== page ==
2017 November 16 Prompt

em>During the 2017 NaNoWriMo event in November, Writers in the Grove members offer these prompts to provide inspiration and incentive to keep you going during the self-competition to write 50,000 words in 30 days. You may find NaNoWriMo prompts from previous years and prompts from our weekly workshops.

Today’s NaNoWriMo prompt is:

The recipe of our life.

If you are participating in NaNoWriMo, or wish to, Writers in the Grove offers an extensive range of NaNoWriMo tips and techniques to help you through the month long writing project.


Prompt-a-Month: Telephone

Writers in the Grove Prompt-a-Month badge.The October prompt-a-month for our Writers in the Grove members is:


The deadline for submissions is 11/1/2017. Submissions will be published during the next 30 days.

Writers in the Grove members may hand in their submissions during the workshops or use our members only submission form. Check out the guidelines and instructions for submissions in the announcement.

November 18 Prompt – Stone Feet

The following prompt is from one of our Writers in the Grove members for our NaNoWriMo prompt-a-day project for November 2016.

This is a fun prompt today. Let your imagination take you on a journey.

Where do fossilized footprints lead?

Check out our list of prompts for even more inspiration.

Prompt: Answers to Questions Unasked

The prompt today was based upon the concept that we often have questions we wished we’d asked parents, grandparents, and other people in our life about how they lived, but never got the chance to ask – and what you would answer if you were asked those questions by the younger generation today.

The prompt was inspired by the poem, “My Heart Leaps Up When I Behold,” by William Wordsworth, and the line:

The Child is the father of the Man…

Who You Are

The following is by Writers in the Grove member Bev Walker.

You are the end of a million generations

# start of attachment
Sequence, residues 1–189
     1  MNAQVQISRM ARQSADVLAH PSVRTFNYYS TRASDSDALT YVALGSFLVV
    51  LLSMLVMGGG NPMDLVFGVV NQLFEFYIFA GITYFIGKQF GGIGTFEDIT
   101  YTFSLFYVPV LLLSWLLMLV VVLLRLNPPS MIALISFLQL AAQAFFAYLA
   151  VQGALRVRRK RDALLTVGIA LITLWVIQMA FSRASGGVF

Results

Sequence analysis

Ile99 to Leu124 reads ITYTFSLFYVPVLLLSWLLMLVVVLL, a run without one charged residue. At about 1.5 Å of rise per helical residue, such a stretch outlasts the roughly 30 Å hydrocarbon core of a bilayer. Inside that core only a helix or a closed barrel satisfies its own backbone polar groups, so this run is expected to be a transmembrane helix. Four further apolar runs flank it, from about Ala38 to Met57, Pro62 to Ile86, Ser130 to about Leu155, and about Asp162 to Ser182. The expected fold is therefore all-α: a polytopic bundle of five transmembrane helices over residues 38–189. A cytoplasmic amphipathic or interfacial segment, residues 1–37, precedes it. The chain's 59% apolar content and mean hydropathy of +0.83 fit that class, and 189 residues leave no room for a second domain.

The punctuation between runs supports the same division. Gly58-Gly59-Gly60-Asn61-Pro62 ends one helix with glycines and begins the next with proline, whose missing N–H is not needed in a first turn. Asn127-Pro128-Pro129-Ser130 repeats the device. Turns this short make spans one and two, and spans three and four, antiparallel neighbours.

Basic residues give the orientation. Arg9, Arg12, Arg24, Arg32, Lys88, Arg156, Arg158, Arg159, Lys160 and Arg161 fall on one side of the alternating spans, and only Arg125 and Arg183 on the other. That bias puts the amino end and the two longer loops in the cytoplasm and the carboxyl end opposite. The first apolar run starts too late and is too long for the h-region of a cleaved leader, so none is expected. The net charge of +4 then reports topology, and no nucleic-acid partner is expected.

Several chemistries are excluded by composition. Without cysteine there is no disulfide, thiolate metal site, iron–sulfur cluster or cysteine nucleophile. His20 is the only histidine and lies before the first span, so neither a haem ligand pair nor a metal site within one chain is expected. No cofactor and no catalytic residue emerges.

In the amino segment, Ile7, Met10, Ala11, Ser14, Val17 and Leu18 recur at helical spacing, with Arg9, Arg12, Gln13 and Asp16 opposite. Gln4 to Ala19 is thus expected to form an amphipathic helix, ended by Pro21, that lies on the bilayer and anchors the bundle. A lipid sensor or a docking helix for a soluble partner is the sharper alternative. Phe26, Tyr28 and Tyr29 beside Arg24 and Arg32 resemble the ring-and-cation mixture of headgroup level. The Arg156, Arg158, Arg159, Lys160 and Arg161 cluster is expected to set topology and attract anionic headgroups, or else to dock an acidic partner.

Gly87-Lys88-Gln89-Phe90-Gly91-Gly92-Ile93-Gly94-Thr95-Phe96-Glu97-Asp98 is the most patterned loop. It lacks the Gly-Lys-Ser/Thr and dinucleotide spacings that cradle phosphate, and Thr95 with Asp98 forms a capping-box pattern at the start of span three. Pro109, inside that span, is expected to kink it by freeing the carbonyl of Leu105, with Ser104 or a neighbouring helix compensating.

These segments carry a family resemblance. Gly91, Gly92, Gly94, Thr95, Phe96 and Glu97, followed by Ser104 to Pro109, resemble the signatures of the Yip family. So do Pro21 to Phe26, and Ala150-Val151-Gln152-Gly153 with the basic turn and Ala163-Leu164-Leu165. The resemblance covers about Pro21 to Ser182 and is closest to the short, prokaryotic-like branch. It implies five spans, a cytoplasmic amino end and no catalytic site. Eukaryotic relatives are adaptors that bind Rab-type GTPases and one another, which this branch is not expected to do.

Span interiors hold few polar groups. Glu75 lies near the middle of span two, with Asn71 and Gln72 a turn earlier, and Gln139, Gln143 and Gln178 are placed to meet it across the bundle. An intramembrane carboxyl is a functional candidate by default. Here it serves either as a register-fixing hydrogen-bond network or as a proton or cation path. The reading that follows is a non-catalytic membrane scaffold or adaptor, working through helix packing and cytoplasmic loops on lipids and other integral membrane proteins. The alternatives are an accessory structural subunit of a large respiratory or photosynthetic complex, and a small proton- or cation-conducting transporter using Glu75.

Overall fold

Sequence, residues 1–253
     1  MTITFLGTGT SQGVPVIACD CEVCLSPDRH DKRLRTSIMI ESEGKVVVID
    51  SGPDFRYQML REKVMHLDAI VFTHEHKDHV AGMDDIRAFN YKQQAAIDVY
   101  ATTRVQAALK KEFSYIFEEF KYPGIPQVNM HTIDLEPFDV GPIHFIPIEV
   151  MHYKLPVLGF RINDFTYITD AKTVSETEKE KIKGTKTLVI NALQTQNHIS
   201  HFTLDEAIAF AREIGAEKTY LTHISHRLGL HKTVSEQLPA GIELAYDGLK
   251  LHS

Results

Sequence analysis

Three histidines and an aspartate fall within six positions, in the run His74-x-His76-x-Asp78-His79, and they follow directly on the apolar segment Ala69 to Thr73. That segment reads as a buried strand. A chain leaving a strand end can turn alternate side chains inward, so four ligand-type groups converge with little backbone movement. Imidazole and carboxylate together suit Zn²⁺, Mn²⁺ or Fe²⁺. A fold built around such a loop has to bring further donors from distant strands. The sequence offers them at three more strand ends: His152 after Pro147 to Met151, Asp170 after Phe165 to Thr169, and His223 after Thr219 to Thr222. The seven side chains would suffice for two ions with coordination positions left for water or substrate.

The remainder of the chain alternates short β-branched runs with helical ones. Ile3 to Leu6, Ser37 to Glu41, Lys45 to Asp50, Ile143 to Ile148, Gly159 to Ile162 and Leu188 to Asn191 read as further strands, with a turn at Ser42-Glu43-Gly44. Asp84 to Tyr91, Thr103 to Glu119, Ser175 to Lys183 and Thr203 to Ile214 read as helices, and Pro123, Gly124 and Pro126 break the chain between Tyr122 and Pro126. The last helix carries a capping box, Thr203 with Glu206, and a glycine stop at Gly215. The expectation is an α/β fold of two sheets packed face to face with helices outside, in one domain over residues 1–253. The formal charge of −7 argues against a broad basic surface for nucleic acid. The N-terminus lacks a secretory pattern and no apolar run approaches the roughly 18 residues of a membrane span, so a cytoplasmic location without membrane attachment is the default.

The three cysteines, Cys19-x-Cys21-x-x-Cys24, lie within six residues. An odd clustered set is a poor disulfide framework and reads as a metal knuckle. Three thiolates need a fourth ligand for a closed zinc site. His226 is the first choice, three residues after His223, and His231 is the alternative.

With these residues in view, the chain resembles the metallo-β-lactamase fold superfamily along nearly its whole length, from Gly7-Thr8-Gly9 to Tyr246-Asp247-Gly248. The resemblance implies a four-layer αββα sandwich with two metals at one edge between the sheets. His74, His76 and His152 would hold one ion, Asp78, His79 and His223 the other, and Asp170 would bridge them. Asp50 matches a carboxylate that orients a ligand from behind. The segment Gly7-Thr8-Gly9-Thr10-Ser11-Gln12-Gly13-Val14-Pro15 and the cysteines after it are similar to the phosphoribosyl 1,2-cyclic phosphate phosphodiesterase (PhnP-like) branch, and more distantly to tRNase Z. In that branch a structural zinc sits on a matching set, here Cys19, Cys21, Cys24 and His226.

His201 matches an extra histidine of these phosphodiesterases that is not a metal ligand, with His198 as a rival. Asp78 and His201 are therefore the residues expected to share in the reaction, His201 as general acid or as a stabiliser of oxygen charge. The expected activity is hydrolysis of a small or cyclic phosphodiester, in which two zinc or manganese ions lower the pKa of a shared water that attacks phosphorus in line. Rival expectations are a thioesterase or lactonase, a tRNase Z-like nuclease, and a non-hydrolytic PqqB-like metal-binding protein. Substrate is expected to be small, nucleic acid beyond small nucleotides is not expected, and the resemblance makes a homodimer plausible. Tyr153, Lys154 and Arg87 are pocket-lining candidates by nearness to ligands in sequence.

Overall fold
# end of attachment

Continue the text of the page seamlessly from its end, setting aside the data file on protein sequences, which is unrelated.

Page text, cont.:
foraging for food and shelter.
Thousands of times, over and over,
famine has wiped out whole nations.
Each time, one of your family survived.
Or you wouldn’t be here.

You are the end of a million generations
devastated by disease and storm.
For a million years, in a million places,
through showers of meteors,
Thousand of times, over and over
while all around them died.
One of your family was left standing,
and had to bury the rest.

You are the end of a million generations
torn apart by earthquake, flood, tornado,
arctic blizzard, every terror you can imagine,
whole nations buried beneath every desert,
Whole civilizations lost beneath sea and jungle,
now known only to birds and fishes.
Whole races gone, all gone…except
one of your family.
The result is you.

You are the end of a million generations
destroyed by war after war,
Marauding armies determined to wipe out all in their path.
Somehow, one after another,
century after century,
One of your family made it through all that;
you are the proof.

Neither they, nor you, made it because
you’re the smartest, healthiest, or bravest.
“Survival of the fittest” went out the window
the first time someone reached out
To the wounded, an orphan, a cripple, the sick;
that’s the difference between you
And the ant and the crocodile.

Through a thousand ice ages,
through whole continents ablaze,
There stood one who is still a part of you,
yes, you, and your neighbor, whatever your ilk.
You are the end result of a million miracles,
a treasure, a pearl of great price.

The Legacy Table

Inspired by the prompt Echos of a Wooden Table.

The foggy cloud wafted around her, hands a flurry of motion on the counter. Smack, roll, pound, twist, smack, roll, pound, twist, her body barely moving as arms pummeled the bread dough. I brushed a kiss on her wrinkled cheek as I moved past her, coughing slightly in the warm, moist flour-dust filled air.

“Don’t forget to run the water first.” How many years had she repeated this warning to me.

“Well still giving you problems? I thought Dad’d fixed it again.” Orange-red water sputtered from the silver tap into the well-worn and stained porcelain sink like blood from a cut. She didn’t need to answer. The evidence was clear, or rather not clear. Even so, a long sigh from the woman next to me puffed more flour into the air.

I reached overhead into the open cupboard for a glass cup, scratched and foggy with use and hard water stains, waited for the water to run clear, then filled it to the brim. While the rust in the old pipes was frustrating, and the old pump groaned at the request, the water that finally came through was clean and sweet, if you ignored the odd bit of dirt that floated to the bottom once in a while.

With a slap of hands again the well-washed apron covering her thighs, she stepped back to admire the loaf she’d shaped from the mixture of water, salt, flour, honey, and yeast.

“It’s the rains not the well.”

“Flooding is bad this year.” I took a long sip and gazed longingly at the white loaf. I knew the coming wait. I’d waited it for all of my life, through the heating of the oven, the baked warmth wafting through the house, the melt of the first warm slice without butter as an occasional treat, then doused in creamy butter during evening dinner. It was worth the wait. (more…)